Postgraduate taught 

Digital Health Interventions MSc/PgDip/PgCert

Substance Use, Health, and Society MED5611

  • Academic Session: 2020-21
  • School: Health and Wellbeing
  • Credits: 20
  • Level: Level 5 (SCQF level 11)
  • Typically Offered: Semester 2
  • Available to Visiting Students: Yes
  • Available to Erasmus Students: Yes

Short Description

This course explores the reasons why people take drugs and what society thinks about drug use through medical, legal, social, and political lenses. Building on this, we begin to look at contemporary harms - to both the substance user, and beyond - occurring as a result of drug use and consider the role that public health and advocacy can take in making lives better for people affected by their own or another's substance use.

Timetable

This course is made up of lectures, tutorials and a workshop in semester 2.

Requirements of Entry

None

Assessment

Three assessments:

 

1. A policy briefing providing an evidence-based analysis of a public health problem linked to substance use (50%) (ILO 1, 2, 3)

2. A vlog, blog, or podcast, exploring a contemporary substance use issue for a lay audience (30%) (ILO 2, 3)

3. A reflective piece (500 - 750 words) summarising the shift in their learning throughout the course in relation to substance use. (20%) (ILO 1, 2)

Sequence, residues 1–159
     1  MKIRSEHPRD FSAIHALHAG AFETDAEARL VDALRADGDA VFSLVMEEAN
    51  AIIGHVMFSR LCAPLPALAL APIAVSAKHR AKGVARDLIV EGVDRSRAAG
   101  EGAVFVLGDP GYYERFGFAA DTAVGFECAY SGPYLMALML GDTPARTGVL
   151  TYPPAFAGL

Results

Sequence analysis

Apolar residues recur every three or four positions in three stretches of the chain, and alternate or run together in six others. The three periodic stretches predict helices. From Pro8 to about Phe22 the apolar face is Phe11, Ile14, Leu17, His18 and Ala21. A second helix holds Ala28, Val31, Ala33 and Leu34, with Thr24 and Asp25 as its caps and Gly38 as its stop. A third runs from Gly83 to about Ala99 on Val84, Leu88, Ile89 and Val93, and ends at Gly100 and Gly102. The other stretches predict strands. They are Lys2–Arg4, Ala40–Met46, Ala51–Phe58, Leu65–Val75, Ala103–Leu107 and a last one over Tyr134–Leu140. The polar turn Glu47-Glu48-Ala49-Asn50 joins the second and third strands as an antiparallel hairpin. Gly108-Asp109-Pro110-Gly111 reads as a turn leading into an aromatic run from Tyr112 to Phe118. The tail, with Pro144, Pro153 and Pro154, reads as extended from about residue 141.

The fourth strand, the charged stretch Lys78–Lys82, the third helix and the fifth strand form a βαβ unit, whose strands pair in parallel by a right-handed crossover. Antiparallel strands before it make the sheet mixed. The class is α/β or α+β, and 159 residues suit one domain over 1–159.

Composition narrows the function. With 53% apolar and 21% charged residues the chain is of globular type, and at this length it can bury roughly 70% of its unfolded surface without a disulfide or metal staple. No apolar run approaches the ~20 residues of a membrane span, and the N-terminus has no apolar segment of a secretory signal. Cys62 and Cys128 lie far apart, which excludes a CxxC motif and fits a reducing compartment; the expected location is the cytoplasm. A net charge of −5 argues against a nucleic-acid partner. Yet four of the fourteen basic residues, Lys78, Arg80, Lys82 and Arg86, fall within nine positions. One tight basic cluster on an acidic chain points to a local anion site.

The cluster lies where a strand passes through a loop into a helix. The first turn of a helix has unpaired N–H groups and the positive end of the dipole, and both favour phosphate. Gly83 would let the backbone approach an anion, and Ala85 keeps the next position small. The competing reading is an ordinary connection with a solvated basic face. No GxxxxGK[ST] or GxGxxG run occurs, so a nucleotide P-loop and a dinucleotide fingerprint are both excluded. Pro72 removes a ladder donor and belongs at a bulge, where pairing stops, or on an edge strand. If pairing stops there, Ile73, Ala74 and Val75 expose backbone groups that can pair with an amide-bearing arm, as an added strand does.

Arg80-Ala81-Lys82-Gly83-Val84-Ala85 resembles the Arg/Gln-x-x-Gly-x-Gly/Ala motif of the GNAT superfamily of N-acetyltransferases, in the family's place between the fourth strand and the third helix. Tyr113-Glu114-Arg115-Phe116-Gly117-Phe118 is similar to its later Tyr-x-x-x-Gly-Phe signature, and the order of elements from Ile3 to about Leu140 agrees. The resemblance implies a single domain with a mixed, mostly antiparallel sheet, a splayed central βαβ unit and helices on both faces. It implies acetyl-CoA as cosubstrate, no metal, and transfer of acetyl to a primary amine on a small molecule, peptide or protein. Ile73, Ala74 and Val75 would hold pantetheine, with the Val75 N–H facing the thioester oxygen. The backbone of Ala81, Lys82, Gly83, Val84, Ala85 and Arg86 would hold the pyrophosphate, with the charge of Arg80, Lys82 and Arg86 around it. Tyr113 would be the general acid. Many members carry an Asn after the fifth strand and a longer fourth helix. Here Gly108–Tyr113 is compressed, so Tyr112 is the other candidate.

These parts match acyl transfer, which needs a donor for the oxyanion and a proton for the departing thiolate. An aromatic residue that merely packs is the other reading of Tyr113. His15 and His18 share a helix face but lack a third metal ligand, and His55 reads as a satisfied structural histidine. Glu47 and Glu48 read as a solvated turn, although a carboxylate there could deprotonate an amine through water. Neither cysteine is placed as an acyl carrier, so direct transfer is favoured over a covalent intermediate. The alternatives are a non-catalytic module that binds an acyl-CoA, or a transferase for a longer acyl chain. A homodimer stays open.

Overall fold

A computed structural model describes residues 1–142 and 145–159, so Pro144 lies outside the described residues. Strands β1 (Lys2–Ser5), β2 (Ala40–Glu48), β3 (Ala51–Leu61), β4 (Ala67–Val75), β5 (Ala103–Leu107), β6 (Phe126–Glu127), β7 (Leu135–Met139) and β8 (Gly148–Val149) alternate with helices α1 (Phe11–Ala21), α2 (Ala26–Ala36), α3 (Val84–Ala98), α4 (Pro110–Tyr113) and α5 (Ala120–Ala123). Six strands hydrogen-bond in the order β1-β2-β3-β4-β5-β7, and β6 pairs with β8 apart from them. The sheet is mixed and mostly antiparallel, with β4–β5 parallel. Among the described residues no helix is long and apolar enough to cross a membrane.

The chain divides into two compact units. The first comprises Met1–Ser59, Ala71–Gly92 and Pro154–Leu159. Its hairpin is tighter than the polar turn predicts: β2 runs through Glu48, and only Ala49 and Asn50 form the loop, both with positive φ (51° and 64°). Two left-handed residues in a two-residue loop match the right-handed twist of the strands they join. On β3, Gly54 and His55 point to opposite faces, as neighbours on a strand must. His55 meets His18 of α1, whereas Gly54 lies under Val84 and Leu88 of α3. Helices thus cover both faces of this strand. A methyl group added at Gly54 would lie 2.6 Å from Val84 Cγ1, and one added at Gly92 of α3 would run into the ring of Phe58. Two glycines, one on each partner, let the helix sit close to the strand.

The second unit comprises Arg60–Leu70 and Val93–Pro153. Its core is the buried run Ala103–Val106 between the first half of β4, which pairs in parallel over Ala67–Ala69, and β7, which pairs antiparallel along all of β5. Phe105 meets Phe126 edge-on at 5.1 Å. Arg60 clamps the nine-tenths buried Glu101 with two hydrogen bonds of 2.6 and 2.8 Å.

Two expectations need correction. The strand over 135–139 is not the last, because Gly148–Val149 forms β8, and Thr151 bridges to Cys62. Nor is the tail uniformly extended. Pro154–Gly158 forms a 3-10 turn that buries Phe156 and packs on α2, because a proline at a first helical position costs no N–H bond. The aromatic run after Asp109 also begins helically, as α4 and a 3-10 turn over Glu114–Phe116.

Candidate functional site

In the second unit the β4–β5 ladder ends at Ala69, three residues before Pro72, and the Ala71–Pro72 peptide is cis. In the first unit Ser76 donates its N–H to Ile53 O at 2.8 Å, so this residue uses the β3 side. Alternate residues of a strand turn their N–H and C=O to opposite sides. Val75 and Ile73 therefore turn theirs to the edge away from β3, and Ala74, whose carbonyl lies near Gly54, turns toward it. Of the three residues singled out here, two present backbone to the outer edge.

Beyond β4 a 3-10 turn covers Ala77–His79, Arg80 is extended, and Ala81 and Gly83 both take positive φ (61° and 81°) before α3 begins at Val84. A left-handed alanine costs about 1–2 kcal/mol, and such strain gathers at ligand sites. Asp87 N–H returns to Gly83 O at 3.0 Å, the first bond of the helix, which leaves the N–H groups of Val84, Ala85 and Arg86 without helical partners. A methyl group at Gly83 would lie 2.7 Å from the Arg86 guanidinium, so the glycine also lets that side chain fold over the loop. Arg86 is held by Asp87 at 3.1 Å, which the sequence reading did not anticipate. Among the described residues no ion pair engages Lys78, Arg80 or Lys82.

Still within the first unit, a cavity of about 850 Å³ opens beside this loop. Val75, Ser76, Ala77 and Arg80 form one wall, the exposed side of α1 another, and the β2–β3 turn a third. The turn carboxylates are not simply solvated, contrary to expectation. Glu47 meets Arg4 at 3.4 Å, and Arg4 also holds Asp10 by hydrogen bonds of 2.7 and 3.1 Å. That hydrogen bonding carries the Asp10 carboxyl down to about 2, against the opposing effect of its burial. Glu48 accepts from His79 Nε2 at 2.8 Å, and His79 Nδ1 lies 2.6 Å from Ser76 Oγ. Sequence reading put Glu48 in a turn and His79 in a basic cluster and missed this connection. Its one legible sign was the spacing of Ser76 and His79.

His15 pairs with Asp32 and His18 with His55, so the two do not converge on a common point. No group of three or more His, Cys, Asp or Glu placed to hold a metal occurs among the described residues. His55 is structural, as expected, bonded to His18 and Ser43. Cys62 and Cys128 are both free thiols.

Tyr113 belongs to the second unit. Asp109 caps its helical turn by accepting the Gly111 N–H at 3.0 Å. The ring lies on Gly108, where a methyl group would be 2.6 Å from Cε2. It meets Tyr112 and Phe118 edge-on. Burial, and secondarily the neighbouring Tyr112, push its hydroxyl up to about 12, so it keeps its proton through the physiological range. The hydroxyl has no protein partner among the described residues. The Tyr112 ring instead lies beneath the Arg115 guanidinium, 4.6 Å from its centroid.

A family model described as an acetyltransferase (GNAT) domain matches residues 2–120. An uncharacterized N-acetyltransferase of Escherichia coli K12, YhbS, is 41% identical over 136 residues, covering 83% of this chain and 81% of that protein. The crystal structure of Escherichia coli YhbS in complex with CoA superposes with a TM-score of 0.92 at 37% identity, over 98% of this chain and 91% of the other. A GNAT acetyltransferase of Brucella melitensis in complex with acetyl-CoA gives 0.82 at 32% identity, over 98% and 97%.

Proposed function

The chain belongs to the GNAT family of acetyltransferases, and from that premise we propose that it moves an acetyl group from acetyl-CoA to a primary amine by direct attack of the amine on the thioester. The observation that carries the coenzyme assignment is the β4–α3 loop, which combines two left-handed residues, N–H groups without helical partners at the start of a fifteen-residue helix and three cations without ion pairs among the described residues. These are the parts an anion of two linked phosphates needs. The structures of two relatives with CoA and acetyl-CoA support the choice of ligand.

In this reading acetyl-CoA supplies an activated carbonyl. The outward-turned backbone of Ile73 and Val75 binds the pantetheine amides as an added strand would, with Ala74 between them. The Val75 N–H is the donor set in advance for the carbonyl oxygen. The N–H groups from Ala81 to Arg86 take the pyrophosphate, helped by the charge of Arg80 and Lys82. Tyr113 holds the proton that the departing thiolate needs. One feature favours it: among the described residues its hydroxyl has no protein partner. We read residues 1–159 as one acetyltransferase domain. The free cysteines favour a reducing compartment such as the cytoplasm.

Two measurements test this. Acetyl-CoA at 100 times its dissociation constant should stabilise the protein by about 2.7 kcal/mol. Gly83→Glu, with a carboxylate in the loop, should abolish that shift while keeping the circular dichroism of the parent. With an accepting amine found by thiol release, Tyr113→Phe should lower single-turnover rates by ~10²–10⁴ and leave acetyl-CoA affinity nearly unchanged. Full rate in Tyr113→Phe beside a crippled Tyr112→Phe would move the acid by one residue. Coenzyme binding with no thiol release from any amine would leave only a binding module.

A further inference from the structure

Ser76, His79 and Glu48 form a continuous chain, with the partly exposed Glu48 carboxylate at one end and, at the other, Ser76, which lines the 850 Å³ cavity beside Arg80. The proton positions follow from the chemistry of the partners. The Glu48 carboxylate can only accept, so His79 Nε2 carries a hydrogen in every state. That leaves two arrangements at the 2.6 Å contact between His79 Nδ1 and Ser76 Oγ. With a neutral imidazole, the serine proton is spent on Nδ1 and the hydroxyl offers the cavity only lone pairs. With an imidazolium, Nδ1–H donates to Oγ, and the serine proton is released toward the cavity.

Course Aims

The aim of this course is to enable students to develop a critical understanding of substance use in society, and the relationship substance use has with health and wellbeing.

Intended Learning Outcomes of Course

By the end of this course students will be able to:

 

1. Critically evaluate different theoretical perspectives of substance use in society.

 

2. Synthesise evidence and apply their own disciplinary learning to critically analyse and interrogate what is meant by problem substance use.

 

3. Demonstrate an ability to provide an informed contribution to the wider public debate on substance use to different audiences.

Minimum Requirement for Award of Credits

Students must submit at least 75% by weight of the components (including examinations) of the course's summative assessment.